MRR Review: "The Grand Budapest Hotel"

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The adventures of Gustave H, a legendary concierge at a famous European hotel between the wars, and Zero Moustafa, the lobby boy who becomes his most trusted friend.
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Rating: R
Length: 99 minutes
Release Date: March 7, 2014
Directed by: Wes Anderson
Genre: Comedy / Drama

"The Grand Budapest Hotel" is the much-anticipated release from director Wes Anderson of The Royal Tennenbaums fame. The movie features an all-star ensemble that includes Ralph Fiennes, Edward Norton, Adrien Brody, Willem Dafoe, Jeff Goldblum, Harvey Keitel, Jude Law, Bill Murray and Tilda Swinton. The story centers on the tale of how the once grand and bustling but now nearly deserted and dilapidated Grand Budapest Hotel in the fictional Eastern European nation of Zubrowka came to be passed from a wealthy widow to a lobby boy named Gustave and ultimately to a former lobby boy named Zero.

Anderson is no stranger to the concept of an ensemble cast. He is very adept at ensuring that no matter how big the character roster is, no one is over- or under-utilized. Everyone is important to the story. "The Grand Budapest Hotel" proves it is no exception to this extraordinary talent. Anderson wastes no time in setting the tone and in assigning characters flavor through dress, dialogue and even individual tics and idiosyncrasies. The movie moves swiftly in vignette style from scenario to scenario as the audience learns the fantastic circumstances that elevate Zero from lobby boy to criminal accomplice to heir. All of this is done while weaving a tale of war and survival with a nostalgic feel that, like many of Anderson's other films, is timeless in its nature. Of no small importance is Zero's predecessor and friend Gustave, with whom Zero embarks on many of his adventures. At some point, Gustave's story becomes Zero's story, yet it is impossible for the audience to determine when one has ended and the other has begun.

Anderson is particularly talented at crisscrossing and layering plots and subplots in a way that makes it impossible for the viewer to imagine even one element without the other. Not only does Anderson do this seamlessly in "The Grand Budapest Hotel," he tells a story within a fantastic story without crossing a line into hokey as the tale leaps backward through time to tell the story of Gustave, the person from whom Zero inherited The Grand Budapest, and his quest to overcome being framed for murder by a bitter family and claim what is rightfully his. The story journeys beyond The Grand Budapest and into the European countryside. The circle of characters steadily expands, and Gustave's story is carefully woven with Zero's as well as the former and now dead owner of The Grand Budapest who has left the hotel to Gustave.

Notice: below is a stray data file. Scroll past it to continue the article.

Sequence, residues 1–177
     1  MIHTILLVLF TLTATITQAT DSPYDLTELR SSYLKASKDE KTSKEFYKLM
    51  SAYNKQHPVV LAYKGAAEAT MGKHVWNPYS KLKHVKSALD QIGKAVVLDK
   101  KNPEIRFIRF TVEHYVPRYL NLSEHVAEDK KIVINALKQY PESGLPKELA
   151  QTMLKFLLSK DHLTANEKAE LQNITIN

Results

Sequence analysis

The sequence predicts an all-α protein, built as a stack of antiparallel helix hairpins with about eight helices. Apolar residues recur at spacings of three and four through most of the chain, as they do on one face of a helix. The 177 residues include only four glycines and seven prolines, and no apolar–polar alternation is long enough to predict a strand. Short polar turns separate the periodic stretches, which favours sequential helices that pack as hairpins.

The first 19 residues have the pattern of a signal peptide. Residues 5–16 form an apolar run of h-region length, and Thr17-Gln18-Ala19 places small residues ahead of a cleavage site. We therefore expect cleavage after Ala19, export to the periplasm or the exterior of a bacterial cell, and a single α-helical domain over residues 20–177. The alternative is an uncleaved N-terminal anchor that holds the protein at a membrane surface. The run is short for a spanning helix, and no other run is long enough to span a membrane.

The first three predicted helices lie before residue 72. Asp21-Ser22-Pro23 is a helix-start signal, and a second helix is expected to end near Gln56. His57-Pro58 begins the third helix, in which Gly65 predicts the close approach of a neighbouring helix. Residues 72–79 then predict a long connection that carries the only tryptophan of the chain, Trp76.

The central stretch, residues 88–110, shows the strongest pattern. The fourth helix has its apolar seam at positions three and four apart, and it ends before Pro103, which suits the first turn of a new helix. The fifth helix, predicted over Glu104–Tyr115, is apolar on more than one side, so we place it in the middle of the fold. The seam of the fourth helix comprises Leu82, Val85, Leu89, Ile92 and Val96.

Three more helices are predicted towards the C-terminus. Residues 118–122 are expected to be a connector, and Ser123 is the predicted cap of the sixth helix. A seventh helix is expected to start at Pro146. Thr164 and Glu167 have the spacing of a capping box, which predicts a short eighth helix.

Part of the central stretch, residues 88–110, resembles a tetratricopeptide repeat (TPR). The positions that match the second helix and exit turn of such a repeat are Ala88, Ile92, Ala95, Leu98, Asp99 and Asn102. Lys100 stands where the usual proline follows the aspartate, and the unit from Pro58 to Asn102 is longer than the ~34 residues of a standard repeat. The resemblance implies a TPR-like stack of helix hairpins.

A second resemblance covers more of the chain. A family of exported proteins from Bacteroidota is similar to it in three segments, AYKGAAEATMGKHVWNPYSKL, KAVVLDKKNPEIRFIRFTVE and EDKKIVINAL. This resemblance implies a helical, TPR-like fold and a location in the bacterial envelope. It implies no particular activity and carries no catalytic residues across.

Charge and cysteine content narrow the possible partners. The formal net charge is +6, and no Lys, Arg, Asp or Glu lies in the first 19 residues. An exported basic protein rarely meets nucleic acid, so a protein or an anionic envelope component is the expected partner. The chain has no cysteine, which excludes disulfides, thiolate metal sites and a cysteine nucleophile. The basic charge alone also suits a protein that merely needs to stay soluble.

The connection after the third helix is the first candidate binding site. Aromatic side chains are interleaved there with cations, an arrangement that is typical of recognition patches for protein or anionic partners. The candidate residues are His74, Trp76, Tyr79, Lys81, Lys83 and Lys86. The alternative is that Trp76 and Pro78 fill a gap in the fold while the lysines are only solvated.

As with its critically acclaimed predecessor, "The Royal Tennenbaums," the humor is often subtle and even dark. What fans of Anderson understand very well is that viewers should expect to find themselves invested in characters that they do not particularly like. Anderson has a tendency to create personalities that are shady, questionable and even despicable in their nature. Surprisingly, those very negative qualities are what makes them so enjoyable. There are often undercurrents to conversations that require some level of intellectual engagement. An appreciation for quirky characters that tend to embrace values just slightly left of deviant is also necessary. Says Gustave in a line typical of the dialogue throughout the movie, "You're looking so well, darling. You really are. I don't know what sort of cream they've put on you down at the morgue, but I want some." When Gustave later confesses to have been a lover of the old woman, Zero mentions that she was in her mid-80s. "I've had older," Gustave confesses.

For all of the emphasis placed on the story of Gustave and Zero, "The Grand Budapest Hotel" is also a romance. Zero's appreciation of his wife Agatha is evident from their first meeting. She is smart, forward and willing to do what Gustave and Zero cannot. Yet, the extent of Zero's dedication to her remains a point of intrigue until the end of the movie, when the viewer learns just how much Agatha meant to Gustave.

Essentially, everything comes full circle by beginning and ending with the Grand Budapest. Through the disappearance of Zero after his story, the movie succeeds in making the plot ultimately what the title infers: the hotel itself. In the grand scheme, "The Grand Budapest Hotel" is somewhat of a synecdoche for Eastern Europe in general. Although it has faced tough economic times as the grand families of Europe and their treasures have died off or lost their relevance, it has remained regal in a way that its people, though unique and often puzzling to the rest of the world, maintain a captivating mystique. This is essentially why "The Grand Budapest Hotel" is enjoyable and endearing.

Rating: 4 out of 5